FLORIDA — Manual recounts started Friday in closely-contested Florida's U.S. Senate and Commissioner of Agriculture races, and in some counties the effort will continue into Saturday morning.

One of those counties is Palm Beach County, where officials wrapped up at about 5 p.m. and said they would reconvene at 8 a.m.

Sen. Bill Nelson's re-election campaign has been optimistic that tens of thousands of undervotes — ballots where machines didn't pick up a vote — would show a vote for him when counted by hand.

But Spectrum News Capital Reporter Troy Kinsey said that for the most part, that hasn't been the case.

Instead, election workers are finding a lot of people really did skip the Senate race altogether.

About 93,000 ballots are being counted by hand in the races for senate and agriculture commissioner. After a machine recount, there were 12,603 votes that separate Gov. Rick Scott and the incumbent Democrat Nelson. That is a .15 percent difference.

The ballots are either registered as overvotes — selecting more than one candidate in any given race or undervotes, with no candidate having been chosen.

In heavily Democratic Broward and Miami-Dade counties, the hand counting is already over, with officials finding all but a few hundred voters really did leave the Senate race blank.

Democrats complain a poor ballot design in Broward County kept many voters from finding the race. Others say the choice between the two candidates was far from inspiring.

But whatever the case, the manual count Nelson had hoped would turn the tide in his favor is prompting Scott to call for the senator's concession.

That's even though Scott is on record saying the vote counting in south Florida has been suspect.

The official results from all the vote counting, including the hand recount, are due Sunday at noon here at the Division of Elections in Tallahassee.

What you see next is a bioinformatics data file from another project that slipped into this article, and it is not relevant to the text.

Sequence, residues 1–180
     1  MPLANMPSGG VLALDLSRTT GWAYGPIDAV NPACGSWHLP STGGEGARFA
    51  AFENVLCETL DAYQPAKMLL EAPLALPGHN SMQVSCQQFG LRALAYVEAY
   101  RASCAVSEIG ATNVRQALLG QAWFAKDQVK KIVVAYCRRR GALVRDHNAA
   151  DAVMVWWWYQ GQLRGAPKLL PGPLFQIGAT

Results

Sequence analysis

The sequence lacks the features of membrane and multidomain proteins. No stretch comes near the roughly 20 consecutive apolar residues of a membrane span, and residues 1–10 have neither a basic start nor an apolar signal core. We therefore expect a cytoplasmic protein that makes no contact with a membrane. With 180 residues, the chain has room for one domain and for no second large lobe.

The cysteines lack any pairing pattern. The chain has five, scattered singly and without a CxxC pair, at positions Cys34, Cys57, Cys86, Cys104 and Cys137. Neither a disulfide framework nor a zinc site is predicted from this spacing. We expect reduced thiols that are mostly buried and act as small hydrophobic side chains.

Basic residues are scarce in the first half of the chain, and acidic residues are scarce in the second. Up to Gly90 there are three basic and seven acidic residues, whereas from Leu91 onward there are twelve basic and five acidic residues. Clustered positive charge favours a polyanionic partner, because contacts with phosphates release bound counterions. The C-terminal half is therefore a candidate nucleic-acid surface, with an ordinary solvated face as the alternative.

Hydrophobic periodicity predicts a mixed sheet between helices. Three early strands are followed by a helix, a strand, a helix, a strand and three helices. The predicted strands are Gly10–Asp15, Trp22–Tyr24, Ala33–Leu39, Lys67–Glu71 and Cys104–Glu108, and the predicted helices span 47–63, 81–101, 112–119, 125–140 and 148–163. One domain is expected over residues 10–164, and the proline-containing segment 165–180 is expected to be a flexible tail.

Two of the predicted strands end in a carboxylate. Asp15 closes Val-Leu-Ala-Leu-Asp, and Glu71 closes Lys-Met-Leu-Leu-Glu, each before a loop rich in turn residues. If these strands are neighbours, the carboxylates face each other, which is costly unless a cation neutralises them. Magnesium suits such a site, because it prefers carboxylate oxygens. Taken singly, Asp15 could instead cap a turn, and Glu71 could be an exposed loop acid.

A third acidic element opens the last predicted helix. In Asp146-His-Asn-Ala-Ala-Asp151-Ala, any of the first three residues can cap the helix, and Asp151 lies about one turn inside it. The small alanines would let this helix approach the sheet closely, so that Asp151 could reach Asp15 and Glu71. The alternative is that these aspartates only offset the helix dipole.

In the meantime, Democrats are working one more angle, contacting thousands of voters whose mail-in ballots have been rejected and urging them to clear things up with their local elections office by 5 p.m. Saturday.

The recount has been fraught with problems. One large Democratic stronghold in South Florida was unable to finish its machine recount by the Thursday deadline due to machines breaking down. A federal judge rejected a request to extend the recount deadline.

Meanwhile, election officials in another urban county in the Tampa Bay area decided against turning in the results of their machine recount, which came up with 846 fewer votes than originally counted. Media in South Florida reported that Broward County finished its machine recount but missed the deadline by a few minutes.

On Thursday night, a judge ruled Florida's voter intent laws are constitutional, despite a challenge from Democrats.

According to the Associated Press, Republican Ron DeSantis will be Florida's next governor.

Andrew Gillum, who conceded on Election Night only to retract his concession later, told the AP that, "It is not over until ever legally casted vote is counted."

Spectrum News Reporter Jerry Hume and The Associated Press contributed to this story.